A revolutionary clinical trial? Published Sunday in the New England Journal of Medicine, a clinical trial conducted in the United States on 18 patients with colorectal cancer obtained amazing results: 100% cure. A revolution to qualify since it only concerns about 5% of cases of locally advanced rectal cancer, explains Jean-Baptiste Bachet, doctor in the hepato-gastroenterology and digestive oncology department of the Pitié-Salpêtrière hospital in Paris, who responded to Release.
What is this clinical trial about?
It concerns 18 patients with rectal cancer who, for six months, received a dose of dostarlimab every three weeks. The 14 patients who completed the six months of treatment all had a complete clinical, endoscopic response and on imaging examinations, the tumor had disappeared! Dostarlimab is an anti-PD1 antibody, which falls within the scope of immunotherapy: by inhibiting tumor defense mechanisms and activating the immune system, they help the body fight cancer on its own. At present, 14 patients have been cured and 4 are still being treated. All of the patients tested during this trial went into remission, without severe side effects.
It is a surprise ?
No, these results were quite expected compared to what we already knew, which does not prevent it from being a revolution even if it only concerns 5% of rectal cancers. These rectal cancers are molecularly characterized as being deficient in DNA mismatch repair (dMMR) enzymes and microsatellite sequence instability (MSI). They tend to be less responsive to chemotherapy and radiation therapy, which increases the risk that surgical treatment will be needed. Unfortunately, surgery can have significant consequences on health: on the digestive and intestinal systems, but also sexual dysfunctions.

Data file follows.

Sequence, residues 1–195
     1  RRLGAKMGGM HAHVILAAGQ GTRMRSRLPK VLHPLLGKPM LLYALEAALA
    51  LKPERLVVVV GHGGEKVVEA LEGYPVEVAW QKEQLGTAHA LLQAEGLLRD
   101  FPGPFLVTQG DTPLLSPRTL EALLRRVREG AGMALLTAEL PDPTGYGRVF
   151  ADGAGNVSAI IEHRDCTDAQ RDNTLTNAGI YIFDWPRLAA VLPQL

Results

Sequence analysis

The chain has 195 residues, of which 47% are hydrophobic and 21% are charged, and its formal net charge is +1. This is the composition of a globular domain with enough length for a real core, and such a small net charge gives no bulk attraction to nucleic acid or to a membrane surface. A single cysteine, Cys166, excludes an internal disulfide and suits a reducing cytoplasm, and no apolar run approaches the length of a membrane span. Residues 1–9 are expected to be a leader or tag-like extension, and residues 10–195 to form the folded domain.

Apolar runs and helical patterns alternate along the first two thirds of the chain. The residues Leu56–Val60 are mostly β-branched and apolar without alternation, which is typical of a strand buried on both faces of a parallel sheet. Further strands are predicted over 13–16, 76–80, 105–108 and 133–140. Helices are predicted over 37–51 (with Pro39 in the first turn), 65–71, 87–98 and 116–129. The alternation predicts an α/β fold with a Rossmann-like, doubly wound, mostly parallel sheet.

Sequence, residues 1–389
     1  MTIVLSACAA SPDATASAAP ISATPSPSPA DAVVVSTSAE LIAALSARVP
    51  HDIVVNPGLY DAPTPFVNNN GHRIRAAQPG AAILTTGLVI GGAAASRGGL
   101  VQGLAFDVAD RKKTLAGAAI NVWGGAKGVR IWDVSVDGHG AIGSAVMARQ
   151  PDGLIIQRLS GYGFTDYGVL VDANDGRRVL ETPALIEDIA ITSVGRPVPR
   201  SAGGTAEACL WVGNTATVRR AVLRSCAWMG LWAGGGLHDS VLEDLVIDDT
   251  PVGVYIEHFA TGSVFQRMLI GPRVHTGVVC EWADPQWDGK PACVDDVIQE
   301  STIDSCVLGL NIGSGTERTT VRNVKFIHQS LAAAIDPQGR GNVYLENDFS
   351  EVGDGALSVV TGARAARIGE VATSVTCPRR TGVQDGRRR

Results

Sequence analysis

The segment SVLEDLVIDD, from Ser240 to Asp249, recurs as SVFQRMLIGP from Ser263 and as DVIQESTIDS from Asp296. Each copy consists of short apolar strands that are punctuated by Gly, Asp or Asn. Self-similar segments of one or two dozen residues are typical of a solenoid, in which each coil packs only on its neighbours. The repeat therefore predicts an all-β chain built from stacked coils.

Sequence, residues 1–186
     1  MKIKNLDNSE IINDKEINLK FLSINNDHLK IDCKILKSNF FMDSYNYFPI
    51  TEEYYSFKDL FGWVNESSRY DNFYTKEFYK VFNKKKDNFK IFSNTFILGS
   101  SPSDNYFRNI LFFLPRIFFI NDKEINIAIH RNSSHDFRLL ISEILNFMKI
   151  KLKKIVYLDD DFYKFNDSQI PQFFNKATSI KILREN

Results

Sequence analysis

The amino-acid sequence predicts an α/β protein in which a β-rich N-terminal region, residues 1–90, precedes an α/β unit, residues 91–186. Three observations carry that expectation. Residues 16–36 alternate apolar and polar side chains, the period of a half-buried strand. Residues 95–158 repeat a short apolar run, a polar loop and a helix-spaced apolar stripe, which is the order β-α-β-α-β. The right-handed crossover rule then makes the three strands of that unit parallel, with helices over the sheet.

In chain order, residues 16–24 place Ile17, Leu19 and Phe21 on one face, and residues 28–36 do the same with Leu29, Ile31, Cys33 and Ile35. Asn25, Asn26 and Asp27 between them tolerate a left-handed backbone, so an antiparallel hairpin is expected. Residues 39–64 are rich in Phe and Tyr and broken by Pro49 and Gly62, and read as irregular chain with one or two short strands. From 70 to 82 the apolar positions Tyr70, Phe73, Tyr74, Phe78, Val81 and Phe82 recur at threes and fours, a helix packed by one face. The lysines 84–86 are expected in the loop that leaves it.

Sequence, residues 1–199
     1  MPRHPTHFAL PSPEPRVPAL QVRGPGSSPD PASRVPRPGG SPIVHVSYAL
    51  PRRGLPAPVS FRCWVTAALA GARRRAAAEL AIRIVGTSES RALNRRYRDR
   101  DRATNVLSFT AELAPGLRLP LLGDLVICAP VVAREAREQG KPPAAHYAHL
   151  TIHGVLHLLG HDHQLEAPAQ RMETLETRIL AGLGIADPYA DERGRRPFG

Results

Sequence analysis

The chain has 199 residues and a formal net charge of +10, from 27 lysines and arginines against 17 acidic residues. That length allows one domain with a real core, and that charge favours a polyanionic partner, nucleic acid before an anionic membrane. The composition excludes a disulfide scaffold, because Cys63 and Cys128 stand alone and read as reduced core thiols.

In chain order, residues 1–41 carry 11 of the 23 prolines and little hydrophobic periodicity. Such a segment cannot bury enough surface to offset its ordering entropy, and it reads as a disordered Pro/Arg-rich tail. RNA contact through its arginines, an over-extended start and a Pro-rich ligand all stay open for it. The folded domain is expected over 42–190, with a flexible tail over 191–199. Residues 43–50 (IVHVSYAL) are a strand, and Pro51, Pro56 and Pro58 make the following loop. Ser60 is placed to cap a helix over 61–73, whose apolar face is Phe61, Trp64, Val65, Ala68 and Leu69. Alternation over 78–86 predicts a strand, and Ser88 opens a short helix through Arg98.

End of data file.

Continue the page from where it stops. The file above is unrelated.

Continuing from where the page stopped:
So obviously it’s a revolution for the 5% of patients who have MSI rectal cancer and it will probably also be a revolution for the 15% of patients who have MSI colon cancer!
So it was a mode of treatment already known?
Yes, we had been trying to set up this trial in France for three years. In practice, these antibodies have demonstrated very significant efficacy in patients with MSI metastatic colorectal cancer since 2015. And, in 2018, a Dutch study (named Niche) had already used antibodies in neoadjuvant treatments (before the operation) in patients with localized MSI colon cancer: the majority of patients were in almost complete clinical response, i.e. there was no more tumor at the time of the operation after only six weeks of treatment. Dostarlimab had already been used in France in patients with endometrial cancer in 2021, but the Haute Autorité de santé had issued an unfavorable opinion on the reimbursement of this molecule by social security due to a lack of data on its effectiveness.
And for the 95% of patients with another form of colorectal cancer?
No, this cannot concern other cases of colorectal cancer because they are currently completely resistant to immunotherapy.
What’s next ?
From now on, many more patients will have to be included, because with only 18 patients and very little follow-up (six months), the European Medicines Agency will probably not agree to an indication and reimbursement. In theory, it would take five years of hindsight to speak of cure or complete remission, but results of survival without recurrence of the disease after three years would already be extremely relevant, given the exceptional results of the study.
In the United States, we know that there will be a marketing and then the insurers will decide whether or not to reimburse the drugs – you still have to have insurance -, the price of the drug approaching 10,000 euros per dose. In Europe, it is currently difficult to obtain indications and reimbursements without a comparative study, that is to say without a comparison with the standard treatment in a prospective multicentre study. In France, the short-term objective will be to create a prospective cohort in partnership with the laboratory marketing dostarlimab so that patients can have access to treatment. In any case, the research will continue.
In what other type of cancer could dostarlimab be effective?
Dostarlimab belongs to the class of anti-PD1 and anti-PDL1 antibodies which currently include a large number of molecules. The two most commonly used anti-PD1 antibodies are pembrolizumab and nivolumab. They have demonstrated their effectiveness as monotherapy or in combination with chemotherapy in numerous cancers (melanoma, lung cancer, breast cancer, bladder cancer, colorectal cancer, stomach cancer, oesophageal cancer, etc.). Nevertheless, the greatest efficacy of these antibodies has been reported in cancers with the MSI/dMMR phenotype, whatever their origin (colorectal, stomach, endometrium, etc.).